Textual Analysis for Students
A verse parody appeared just three weeks after Oscar Wilde arrived in America. It was one many such newspaper items in 1882 that poked fun at Wilde and the aesthetic movement.
It was notable for its affected and satirical overuse of alliteration. Although Wilde was known for his occasional penchant for this verbal prose style (something that Whistler later parodied), it was probably not recognized by the author of this verse when it was written in January 1882.
It is more likely that its use was prompted by expressions such as “too-too” and “utterly utter” that were connected to the also alliterative Apostle of the Aesthetes.
As such, the text is instructional in understanding allusions to Wilde and the aesthetic movement. Let us examine the terminology:
Continue reading Quixote of the Queer
To the Rosenbach for a talk about Wilde, Whitman, and Mickle Street.
Last Wednesday evening at the Rosenbach Museum and Library I attended a talk about Mickle Street, the new play that showcases the 1882 meeting between Walt Whitman and Oscar Wilde.
One of the presenters was the author of the play Michael Whistler, who explained how it had been necessary for him to invent conversations and situations to portray events that had not been fully recorded. All well and good: reimagining is a legitimate technique in storytelling. But it naturally raises the question of realism vs. artistic license.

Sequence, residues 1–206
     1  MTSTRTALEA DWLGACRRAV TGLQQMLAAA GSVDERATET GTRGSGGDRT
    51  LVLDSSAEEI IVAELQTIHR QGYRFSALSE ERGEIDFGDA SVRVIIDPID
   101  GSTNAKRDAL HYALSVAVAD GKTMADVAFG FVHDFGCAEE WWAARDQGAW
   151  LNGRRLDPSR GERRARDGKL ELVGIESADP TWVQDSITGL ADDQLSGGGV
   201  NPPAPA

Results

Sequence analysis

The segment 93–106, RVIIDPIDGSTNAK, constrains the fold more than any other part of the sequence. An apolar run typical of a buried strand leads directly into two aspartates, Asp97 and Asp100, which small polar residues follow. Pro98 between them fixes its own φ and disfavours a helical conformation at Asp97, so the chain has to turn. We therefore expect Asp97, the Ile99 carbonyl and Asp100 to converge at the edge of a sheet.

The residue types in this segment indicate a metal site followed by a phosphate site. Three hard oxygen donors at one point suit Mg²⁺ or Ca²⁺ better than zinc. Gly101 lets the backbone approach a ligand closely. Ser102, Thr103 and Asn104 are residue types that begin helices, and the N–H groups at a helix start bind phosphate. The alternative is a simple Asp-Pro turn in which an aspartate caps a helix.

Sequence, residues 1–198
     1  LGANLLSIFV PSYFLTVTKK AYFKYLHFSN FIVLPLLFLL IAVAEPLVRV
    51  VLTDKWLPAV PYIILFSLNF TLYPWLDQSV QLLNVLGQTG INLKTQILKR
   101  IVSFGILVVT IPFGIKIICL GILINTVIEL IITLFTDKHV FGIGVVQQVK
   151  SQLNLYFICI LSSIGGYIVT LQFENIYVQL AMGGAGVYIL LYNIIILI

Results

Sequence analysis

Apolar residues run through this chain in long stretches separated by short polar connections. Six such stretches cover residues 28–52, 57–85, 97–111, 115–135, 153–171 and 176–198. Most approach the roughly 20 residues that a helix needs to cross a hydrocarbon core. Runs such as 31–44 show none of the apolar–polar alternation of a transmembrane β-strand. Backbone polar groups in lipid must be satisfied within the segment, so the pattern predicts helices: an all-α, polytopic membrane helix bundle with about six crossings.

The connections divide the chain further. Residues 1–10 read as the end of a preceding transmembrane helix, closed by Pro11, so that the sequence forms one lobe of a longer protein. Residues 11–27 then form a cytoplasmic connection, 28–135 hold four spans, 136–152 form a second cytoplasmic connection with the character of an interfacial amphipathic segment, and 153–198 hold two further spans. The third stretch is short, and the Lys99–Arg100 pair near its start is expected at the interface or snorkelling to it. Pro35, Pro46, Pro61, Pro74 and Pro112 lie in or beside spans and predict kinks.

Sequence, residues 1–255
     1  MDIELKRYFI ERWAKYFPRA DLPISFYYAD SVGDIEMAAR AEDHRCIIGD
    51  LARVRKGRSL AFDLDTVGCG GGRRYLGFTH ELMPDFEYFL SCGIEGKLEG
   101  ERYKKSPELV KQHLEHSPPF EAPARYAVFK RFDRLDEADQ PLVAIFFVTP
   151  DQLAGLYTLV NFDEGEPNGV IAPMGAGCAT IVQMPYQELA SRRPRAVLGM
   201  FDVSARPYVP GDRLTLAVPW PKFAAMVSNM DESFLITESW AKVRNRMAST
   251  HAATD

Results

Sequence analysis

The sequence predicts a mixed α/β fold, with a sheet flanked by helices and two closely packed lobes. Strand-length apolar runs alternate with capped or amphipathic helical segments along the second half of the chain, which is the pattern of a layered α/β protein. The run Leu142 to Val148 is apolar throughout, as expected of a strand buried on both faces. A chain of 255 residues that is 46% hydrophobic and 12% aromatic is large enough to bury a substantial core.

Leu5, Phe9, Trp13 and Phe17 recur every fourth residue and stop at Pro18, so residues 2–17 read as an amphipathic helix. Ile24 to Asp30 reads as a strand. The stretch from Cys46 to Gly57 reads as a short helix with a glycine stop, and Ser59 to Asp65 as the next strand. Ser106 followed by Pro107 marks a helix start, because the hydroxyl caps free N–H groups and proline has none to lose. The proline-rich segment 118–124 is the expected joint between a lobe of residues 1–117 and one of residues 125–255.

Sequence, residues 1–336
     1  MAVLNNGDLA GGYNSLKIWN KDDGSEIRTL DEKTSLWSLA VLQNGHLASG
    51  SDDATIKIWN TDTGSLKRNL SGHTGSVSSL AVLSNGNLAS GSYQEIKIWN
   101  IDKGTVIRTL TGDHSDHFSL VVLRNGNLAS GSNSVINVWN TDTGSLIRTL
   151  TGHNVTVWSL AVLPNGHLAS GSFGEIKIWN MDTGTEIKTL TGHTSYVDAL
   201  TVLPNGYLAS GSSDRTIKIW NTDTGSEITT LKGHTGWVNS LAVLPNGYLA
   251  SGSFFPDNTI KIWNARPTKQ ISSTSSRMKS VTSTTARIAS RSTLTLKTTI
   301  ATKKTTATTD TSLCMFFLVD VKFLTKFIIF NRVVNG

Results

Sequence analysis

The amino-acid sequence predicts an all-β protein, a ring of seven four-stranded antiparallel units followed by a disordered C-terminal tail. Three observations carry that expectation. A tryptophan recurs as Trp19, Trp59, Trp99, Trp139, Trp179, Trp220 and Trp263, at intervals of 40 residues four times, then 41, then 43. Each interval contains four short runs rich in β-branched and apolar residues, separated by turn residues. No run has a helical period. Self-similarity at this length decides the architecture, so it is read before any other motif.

So as the talk continued I was assessing the boundaries to a responsible author’s imagination, when he added with evident aforethought:
“I am not a scholar; I am not a historian—I am a playwright.”
This bold assertion halted my thought process as it appeared to transcend any idea of boundaries: there was an air of mutual exclusivity about it. Granted we were in a library, but I sensed a virtual divide had suddenly been placed between fact and fiction. As if facts ought to be the sphere of the scholar and fiction the preserve of the playwright.
I wondered was the speaker still in the realm of explanation or was this now justification? And then I realized: it was both! An author defending himself simply by defining himself. Quite deft, I thought. However, as I am not a playwright myself but rather something of a scholar, I soon realized this construction placed me on the other side of the argument. So the question: how much of the debt to history is owed the critic and how much by the artist?
Continue reading Critics and Artists at The Rosenbach